So, why is LU decomposition performed unnecessarily for determinants, when direct computation is faster and more accurate? Couldn't LU be computed when inversion or linear solutions are subsequently requested? ANSWER: This was probably a consequence of limited ROM space for the functionality to be implemented. Additional machine code  similar to what I devised above, but more extensive  would have been needed for direct computation of determinants. Instead, the existing LUdecomposition code was utilized. Having LU already computed also provides a 'head start' on subsequent inversion or linearsolution calculations. However, the unintuitive LU decomposition as part of the HP15C's determinant calculation is indeed a potential "gotcha" to the user. The user may be chagrined to see his calculation of a determinant  merely a scalarvalued output  overwrite a needed matrix with an LU matrix. Or, if insufficient free memory exists to store the LU decomposition to the RESULT matrix, the operation will fail with a cryptic message "Error 10". No additional space is needed if the identifier of the RESULT matrix is designated as that of the original matrix, which can be approximately recovered by twice inverting the LU matrix.  KS
Edited: 28 May 2010, 1:49 a.m. after one or more responses were posted ▼
05252010, 07:32 PM
Karl, A bit of research has uncovered a formula that might be useful: det(A) = [tr^3(A) – 3tr(A)tr(A^2) + 2tr(A^3)]/6 which is derived from Newton's identities (http://en.wikipedia.org/wiki/Determinant). The real part of the trace of a 6 × 6 partitioned matrix is just a(1,1) + a(1,2) + a(1,3) and the imaginary part is just a(4,1) + a(4,2) + a(4,3). I agree with your observation that the product of the diagonal elements of the LU decomposition is the square of the absolute value of the determinant. This suggests that it might be possible to calculate the determinant from the diagonal elements of the LU decomposition using Newton's identities. However, this is probably not viable on the 15C as there might be row permutations during the calculation of the LU decomposition. Andrew ▼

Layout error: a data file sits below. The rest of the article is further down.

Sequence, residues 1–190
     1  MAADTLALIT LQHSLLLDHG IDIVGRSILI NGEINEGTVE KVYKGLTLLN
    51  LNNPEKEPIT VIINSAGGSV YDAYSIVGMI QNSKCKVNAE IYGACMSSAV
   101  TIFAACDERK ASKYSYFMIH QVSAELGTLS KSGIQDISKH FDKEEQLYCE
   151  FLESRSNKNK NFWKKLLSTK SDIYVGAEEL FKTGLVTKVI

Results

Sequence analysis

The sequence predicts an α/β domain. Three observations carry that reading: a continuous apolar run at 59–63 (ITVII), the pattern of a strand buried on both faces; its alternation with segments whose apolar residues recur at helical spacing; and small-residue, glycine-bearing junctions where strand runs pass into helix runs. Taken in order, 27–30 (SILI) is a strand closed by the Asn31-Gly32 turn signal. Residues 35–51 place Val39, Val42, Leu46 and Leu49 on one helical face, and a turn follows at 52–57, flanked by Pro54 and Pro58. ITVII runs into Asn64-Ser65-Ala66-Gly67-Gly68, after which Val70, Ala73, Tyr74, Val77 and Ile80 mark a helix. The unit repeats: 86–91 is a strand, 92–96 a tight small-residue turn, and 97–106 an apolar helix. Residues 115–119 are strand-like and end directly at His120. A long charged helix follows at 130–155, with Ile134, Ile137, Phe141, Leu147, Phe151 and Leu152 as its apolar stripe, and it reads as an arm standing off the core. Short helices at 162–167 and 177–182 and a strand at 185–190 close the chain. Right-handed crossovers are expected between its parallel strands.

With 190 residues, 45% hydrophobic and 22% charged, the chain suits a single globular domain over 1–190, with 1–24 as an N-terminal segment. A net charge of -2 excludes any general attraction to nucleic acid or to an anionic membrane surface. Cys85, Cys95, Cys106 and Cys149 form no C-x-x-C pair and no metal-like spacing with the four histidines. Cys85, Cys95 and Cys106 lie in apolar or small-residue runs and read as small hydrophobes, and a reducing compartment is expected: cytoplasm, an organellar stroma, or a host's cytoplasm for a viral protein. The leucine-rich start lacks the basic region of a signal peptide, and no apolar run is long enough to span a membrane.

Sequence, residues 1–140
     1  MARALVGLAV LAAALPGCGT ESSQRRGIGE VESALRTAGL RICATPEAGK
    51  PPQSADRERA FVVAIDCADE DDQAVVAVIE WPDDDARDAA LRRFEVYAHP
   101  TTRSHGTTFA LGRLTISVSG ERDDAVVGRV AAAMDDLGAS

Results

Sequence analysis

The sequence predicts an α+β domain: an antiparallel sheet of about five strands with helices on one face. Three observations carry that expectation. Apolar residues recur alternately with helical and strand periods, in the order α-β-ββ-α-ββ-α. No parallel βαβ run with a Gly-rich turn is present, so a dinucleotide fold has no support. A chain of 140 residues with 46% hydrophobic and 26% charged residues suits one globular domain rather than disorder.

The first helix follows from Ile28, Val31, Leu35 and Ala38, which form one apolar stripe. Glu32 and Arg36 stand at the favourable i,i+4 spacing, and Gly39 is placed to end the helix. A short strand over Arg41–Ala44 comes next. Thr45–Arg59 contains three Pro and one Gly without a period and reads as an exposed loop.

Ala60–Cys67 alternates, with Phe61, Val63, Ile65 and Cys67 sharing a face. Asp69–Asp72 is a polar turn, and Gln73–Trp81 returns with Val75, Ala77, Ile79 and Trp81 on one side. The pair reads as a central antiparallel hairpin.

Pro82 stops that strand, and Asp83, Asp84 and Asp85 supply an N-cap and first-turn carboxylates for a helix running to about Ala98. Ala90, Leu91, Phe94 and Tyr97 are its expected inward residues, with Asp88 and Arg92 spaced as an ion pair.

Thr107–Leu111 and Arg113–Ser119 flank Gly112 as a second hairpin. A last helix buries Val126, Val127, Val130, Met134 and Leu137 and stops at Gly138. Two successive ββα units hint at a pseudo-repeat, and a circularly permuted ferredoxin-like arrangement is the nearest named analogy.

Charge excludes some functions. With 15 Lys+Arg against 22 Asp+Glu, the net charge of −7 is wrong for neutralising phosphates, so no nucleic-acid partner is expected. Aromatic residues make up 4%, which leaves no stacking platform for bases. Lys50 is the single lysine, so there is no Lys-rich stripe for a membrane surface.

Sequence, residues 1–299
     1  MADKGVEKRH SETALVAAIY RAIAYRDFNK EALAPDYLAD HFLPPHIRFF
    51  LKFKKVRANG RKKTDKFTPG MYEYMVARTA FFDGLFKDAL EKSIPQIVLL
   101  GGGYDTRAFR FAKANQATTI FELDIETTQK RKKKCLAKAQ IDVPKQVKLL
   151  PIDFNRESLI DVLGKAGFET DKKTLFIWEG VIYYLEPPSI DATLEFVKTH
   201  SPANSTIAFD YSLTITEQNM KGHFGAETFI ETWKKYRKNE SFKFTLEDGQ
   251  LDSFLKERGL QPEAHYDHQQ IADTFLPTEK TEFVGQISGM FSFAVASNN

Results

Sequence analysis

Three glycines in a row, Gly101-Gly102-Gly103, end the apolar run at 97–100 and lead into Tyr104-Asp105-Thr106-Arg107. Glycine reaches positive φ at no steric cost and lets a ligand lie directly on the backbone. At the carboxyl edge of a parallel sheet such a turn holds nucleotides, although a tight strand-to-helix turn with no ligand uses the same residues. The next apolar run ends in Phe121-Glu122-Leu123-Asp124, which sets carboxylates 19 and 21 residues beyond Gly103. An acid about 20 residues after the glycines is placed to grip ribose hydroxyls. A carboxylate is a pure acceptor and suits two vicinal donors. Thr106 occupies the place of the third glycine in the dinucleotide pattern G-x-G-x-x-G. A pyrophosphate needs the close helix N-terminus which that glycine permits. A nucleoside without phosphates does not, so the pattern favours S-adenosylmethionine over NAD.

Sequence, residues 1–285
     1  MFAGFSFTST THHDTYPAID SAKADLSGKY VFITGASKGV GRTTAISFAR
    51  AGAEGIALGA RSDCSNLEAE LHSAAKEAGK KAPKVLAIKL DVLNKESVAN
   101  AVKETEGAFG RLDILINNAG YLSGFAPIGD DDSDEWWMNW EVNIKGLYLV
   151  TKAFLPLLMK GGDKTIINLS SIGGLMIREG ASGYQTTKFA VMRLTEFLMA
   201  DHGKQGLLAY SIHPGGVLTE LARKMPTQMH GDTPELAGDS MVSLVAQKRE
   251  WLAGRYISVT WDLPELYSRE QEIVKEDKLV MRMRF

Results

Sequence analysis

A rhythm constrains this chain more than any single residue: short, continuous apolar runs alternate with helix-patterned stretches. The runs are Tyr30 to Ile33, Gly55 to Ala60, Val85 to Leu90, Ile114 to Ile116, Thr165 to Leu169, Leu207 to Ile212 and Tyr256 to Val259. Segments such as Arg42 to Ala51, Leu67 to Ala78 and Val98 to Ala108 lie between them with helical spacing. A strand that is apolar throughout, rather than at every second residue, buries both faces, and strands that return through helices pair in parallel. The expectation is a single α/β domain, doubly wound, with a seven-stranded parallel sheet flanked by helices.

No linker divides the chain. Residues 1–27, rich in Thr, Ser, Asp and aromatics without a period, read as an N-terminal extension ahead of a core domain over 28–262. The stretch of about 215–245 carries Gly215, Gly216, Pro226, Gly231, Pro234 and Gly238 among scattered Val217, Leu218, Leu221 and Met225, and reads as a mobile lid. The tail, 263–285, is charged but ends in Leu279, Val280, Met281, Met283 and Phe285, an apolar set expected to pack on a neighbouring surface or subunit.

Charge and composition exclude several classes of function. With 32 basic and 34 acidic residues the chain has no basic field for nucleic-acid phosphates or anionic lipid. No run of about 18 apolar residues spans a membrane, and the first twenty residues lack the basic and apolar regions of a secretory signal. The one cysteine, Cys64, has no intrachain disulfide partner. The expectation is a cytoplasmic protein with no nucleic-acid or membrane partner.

05262010, 01:24 AM
Quote: Andrew  A novel approach, but there's not enough space on the HP15C for it, using builtin functionality. A 3 x 3 complexvalued matrix A has 9 complexvalued elements to represent as 18 realvalued elements  each requiring a free register, of which no more than 64 are available. To calculate A^2, the first A is doubled to 36 elements by MATRIX 2, while the second A still has 18. The product A^2 must be stored separately, requiring 18 more. That's 72 registers, and we still need to store a program to extract the traces, perform the multiplications, and combine the results.  KS
Edited: 26 May 2010, 1:27 a.m.
05232010, 09:30 PM
I have never had a 15C so I don't know its capabilities relative to the 33s and 35s so I don't know if this will help or not. I did write Third Order Complex Liinear Equation Solvers for those two machines which use Cramer's Rule so there are determinant solutions buried in both. You can find them as Articles 722 and 887.